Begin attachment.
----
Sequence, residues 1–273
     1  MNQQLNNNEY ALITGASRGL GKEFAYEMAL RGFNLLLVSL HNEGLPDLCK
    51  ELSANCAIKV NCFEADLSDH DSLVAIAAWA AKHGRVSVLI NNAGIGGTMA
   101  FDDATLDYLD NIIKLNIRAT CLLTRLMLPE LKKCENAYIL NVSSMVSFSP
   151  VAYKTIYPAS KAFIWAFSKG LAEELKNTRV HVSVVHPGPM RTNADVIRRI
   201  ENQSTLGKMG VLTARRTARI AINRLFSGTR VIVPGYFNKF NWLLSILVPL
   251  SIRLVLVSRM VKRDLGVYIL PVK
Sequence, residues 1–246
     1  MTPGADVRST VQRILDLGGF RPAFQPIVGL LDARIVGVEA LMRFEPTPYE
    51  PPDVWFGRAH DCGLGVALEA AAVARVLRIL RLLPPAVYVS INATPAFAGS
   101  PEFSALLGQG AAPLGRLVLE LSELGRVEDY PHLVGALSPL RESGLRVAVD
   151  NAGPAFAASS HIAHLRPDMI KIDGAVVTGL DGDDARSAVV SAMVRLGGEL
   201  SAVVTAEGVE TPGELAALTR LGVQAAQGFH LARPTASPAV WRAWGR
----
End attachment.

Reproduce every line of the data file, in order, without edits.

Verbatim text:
Sequence, residues 1–273
     1  MNQQLNNNEY ALITGASRGL GKEFAYEMAL RGFNLLLVSL HNEGLPDLCK
    51  ELSANCAIKV NCFEADLSDH DSLVAIAAWA AKHGRVSVLI NNAGIGGTMA
   101  FDDATLDYLD NIIKLNIRAT CLLTRLMLPE LKKCENAYIL NVSSMVSFSP
   151  VAYKTIYPAS KAFIWAFSKG LAEELKNTRV HVSVVHPGPM RTNADVIRRI
   201  ENQSTLGKMG VLTARRTARI AINRLFSGTR VIVPGYFNKF NWLLSILVPL
   251  SIRLVLVSRM VKRDLGVYIL PVK
Sequence, residues 1–246
     1  MTPGADVRST VQRILDLGGF RPAFQPIVGL LDARIVGVEA LMRFEPTPYE
    51  PPDVWFGRAH DCGLGVALEA AAVARVLRIL RLLPPAVYVS INATPAFAGS
   101  PEFSALLGQG AAPLGRLVLE LSELGRVEDY PHLVGALSPL RESGLRVAVD
   151  NAGPAFAASS HIAHLRPDMI KIDGAVVTGL DGDDARSAVV SAMVRLGGEL
   201  SAVVTAEGVE TPGELAALTR LGVQAAQGFH LARPTASPAV WRAWGR